Is Mental Health Linked To Hair Loss?

Published: 10 de May de 2022
| Last Updated on 25 de September de 2022 by robertowtb
Dr. Oguz Kayiran
Medical Reviewer

If you have been struggling with your mental health and finding more hair strands than usual when combing, showering, or simply around the house, you may be wondering if one may be related to the other.

While some hair shedding is completely normal (adults shed between 50 and 100 hairs a day according to the American Association of Dermatology ), your mental health can also alter your shedding rate, inhibit new hair growth or cause excessive hair breakage.


By stress, we are not only talking about emotional stress but also physical stress such as going through a traumatic event, a viral infection involving high fever, or a drastic weight loss.

Telogen Effluvium (TE)

Severe stress can sometimes cause what is called Telogen effluvium or excess shedding of the hair. Adult hair follicles are constantly cycling between growing, resting, and shedding phases. Most of the hair is in a growing state, then it gradually transitions into resting and finally shedding. Telogen effluvium happens when more hair strands than usual are pushed into the resting (or telogen) phase resulting in an exaggerated shedding, and that shedding in and of itself can oftentimes cause even more stress to the sufferer.

Telogen effluvium causes a non-scarring, diffuse hair loss. That means that you may notice a loss of hair density, thinning around your hairline, mid-scalp, and crown without any clearly delineated patches or bald spots.

The good news is that, for the most part, Telogen effluvium is reversible once the stressful situation is over or once the stress is under control, although it may take some time and patience to get your hair density back.

Alopecia Areata (AA)

Both stress and stress-induced anxiety have also been found to be linked to Alopecia areata (AA) along with other risk factors such as genetic predisposition. When suffering AA, your immune system attacks the hair follicles causing hair loss in the form of delineated patches or bald spots. This could progress into affecting the whole scalp (Alopecia Totalis or AT) or, in even more extreme cases, it could extend to the whole body (Alopecia Universalis or AU).

Even though there is no known cure for AA, there are some medications that can be prescribed to treat AA to some extent, such as corticosteroids or anti-inflammatory drugs and, even without any treatment or medication, people with only a few patches often experience a sudden and complete recovery.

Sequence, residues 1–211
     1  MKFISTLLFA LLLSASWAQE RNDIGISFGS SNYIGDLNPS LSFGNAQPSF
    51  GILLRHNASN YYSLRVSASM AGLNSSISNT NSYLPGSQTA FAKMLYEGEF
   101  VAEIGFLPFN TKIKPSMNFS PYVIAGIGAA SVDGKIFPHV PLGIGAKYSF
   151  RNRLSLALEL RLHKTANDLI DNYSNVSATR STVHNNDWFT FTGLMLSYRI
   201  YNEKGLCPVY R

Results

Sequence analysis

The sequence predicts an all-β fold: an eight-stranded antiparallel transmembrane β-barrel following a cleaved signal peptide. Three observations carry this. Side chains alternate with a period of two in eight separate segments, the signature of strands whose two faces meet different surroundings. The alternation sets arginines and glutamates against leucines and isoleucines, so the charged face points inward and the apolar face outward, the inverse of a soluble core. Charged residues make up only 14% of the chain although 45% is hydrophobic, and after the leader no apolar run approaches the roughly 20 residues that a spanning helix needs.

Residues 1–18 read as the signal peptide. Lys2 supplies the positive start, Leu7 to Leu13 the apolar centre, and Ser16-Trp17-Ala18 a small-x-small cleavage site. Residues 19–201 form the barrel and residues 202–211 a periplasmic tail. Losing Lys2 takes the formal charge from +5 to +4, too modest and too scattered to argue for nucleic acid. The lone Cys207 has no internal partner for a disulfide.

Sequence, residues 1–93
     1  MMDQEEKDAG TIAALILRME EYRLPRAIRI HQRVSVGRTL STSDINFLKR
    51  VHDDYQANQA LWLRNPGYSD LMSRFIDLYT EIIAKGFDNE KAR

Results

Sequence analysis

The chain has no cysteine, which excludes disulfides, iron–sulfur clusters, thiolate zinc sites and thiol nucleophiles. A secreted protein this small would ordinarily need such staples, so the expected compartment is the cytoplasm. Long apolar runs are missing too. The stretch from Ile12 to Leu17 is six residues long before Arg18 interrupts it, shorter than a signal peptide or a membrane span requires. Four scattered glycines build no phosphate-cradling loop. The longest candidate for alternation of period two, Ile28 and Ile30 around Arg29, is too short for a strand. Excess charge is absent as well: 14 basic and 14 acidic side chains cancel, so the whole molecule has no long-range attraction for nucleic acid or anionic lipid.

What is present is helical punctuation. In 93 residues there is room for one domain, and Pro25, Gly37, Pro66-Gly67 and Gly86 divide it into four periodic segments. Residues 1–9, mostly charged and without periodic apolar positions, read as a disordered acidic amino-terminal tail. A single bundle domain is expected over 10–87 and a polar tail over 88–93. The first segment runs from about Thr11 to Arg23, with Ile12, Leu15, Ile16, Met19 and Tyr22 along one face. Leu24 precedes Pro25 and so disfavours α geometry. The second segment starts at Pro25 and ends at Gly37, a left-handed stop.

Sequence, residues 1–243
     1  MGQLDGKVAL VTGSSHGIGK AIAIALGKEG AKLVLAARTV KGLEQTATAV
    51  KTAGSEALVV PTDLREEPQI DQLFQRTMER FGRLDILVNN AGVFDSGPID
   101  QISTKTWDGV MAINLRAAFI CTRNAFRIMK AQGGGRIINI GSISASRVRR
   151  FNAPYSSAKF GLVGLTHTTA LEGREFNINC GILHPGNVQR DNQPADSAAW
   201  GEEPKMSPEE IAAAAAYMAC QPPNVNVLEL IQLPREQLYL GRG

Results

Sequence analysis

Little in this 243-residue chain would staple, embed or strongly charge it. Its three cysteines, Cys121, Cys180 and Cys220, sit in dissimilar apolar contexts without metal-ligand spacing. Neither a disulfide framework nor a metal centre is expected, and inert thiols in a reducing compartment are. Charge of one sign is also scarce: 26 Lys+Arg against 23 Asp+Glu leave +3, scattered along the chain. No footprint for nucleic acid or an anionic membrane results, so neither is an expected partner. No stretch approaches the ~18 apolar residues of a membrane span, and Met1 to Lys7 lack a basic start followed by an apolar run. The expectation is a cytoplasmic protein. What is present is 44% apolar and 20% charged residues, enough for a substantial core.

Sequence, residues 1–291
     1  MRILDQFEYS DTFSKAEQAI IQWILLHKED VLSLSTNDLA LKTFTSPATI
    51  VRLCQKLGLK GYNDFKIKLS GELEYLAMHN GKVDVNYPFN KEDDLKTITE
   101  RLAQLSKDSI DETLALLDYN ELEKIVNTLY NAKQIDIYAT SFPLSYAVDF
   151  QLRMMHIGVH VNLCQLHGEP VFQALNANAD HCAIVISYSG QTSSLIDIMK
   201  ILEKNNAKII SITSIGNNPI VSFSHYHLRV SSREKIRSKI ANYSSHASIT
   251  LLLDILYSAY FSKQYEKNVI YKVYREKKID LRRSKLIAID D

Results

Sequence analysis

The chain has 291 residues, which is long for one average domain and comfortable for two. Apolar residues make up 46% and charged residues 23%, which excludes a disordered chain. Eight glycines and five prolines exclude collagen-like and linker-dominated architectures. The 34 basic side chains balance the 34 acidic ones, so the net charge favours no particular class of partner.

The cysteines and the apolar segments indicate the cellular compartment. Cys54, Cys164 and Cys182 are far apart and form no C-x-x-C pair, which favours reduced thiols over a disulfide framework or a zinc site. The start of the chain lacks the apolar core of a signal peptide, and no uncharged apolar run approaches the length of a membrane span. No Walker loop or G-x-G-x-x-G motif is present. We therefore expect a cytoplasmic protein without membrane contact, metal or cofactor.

Other stress-induced hair loss types

Although infrequent, stress can cause hair loss in other ways such as by increasing corticosterone levels which may inhibit hair regrowth, or by creating an urge to pull your hair out (trichotillomania). In cases of severe trichotillomania, hair follicles may be damaged by the repeated pulling action and affect hair regrowth rate, pattern, and quality.


At times, stress, anxiety, and depression can go hand in hand and, in those cases, people suffering from depression may be experiencing the type of hair shedding mentioned above (Telogen Effluvium).

Depression can also influence appetite leading to nutritional deficiencies which could affect both hair growth and structure. If you suspect that may be the case, your healthcare provider should be able to run some tests and determine any deficiencies. Vitamin D, Zinc, Selenium, and Iron are amongst the most common nutrient deficiencies linked to increased hair loss or decreased hair growth.


Anyone who takes antidepressants will tell you that while they can be incredibly beneficial to treat depression and other disorders such as OCD, anxiety, and panic attacks, they come with a lengthy list of side effects.

One of these side effects is excessive shedding in the form of Telogen Effluvium (as explained above). Although rare, some case studies and articles have found a link between antidepressant use and excessive shedding. This drug-induced hair loss usually appears within the first 3 months of usage and tends to be reversible once the medication is discontinued.


Start by reaching out to your healthcare provider to get help managing your mental health and to rule out other hair loss causes. Your provider can also refer you to a psychologist or a psychiatrist, discuss medication or recommend general habits to improve your mental health.

In addition to that, you may want to look into ways of improving your overall psychological well-being. According to mental health professionals, a healthy lifestyle can help minimize the development of mental health disorders. These changes do not need to be drastic; simple things such as a healthy diet rich in fruits and vegetables, regular exercise, spending time outdoors, or getting enough sleep can have huge effects on both your physical and mental health.


While it is never advisable to discontinue or modify any prescription use without consulting your healthcare provider, you can contact them to discuss your options in terms of dosage or alternative drugs to the specific medication you are taking.

Your healthcare provider may switch you to a different medication for a few months to see if the side effect subsides or to rule out any other hair loss causes. They may also prescribe topical FDA-approved hair loss medications (if not contraindicated with your other prescription drugs).

*If you are struggling with depression, talk to your primary care doctor. You can also reach out to the National Suicide Prevention Lifeline (1-(800)-273‑TALK (8255) or via Live Online Chat) for a 24/7 helpline. If you feel your situation may be life-threatening, please get immediate help by calling 911.

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